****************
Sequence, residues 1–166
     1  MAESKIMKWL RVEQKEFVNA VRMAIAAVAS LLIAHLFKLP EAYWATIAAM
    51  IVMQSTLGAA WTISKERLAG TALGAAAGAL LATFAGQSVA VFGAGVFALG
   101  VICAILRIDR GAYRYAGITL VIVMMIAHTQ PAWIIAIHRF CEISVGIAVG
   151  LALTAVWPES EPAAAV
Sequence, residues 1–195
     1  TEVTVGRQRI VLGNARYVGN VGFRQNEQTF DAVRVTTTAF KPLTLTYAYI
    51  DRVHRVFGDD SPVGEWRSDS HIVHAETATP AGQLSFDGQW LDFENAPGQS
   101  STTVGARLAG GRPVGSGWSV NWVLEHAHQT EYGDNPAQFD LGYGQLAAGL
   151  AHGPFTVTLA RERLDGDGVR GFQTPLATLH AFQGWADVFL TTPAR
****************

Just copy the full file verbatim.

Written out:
Sequence, residues 1–166
     1  MAESKIMKWL RVEQKEFVNA VRMAIAAVAS LLIAHLFKLP EAYWATIAAM
    51  IVMQSTLGAA WTISKERLAG TALGAAAGAL LATFAGQSVA VFGAGVFALG
   101  VICAILRIDR GAYRYAGITL VIVMMIAHTQ PAWIIAIHRF CEISVGIAVG
   151  LALTAVWPES EPAAAV
Sequence, residues 1–195
     1  TEVTVGRQRI VLGNARYVGN VGFRQNEQTF DAVRVTTTAF KPLTLTYAYI
    51  DRVHRVFGDD SPVGEWRSDS HIVHAETATP AGQLSFDGQW LDFENAPGQS
   101  STTVGARLAG GRPVGSGWSV NWVLEHAHQT EYGDNPAQFD LGYGQLAAGL
   151  AHGPFTVTLA RERLDGDGVR GFQTPLATLH AFQGWADVFL TTPAR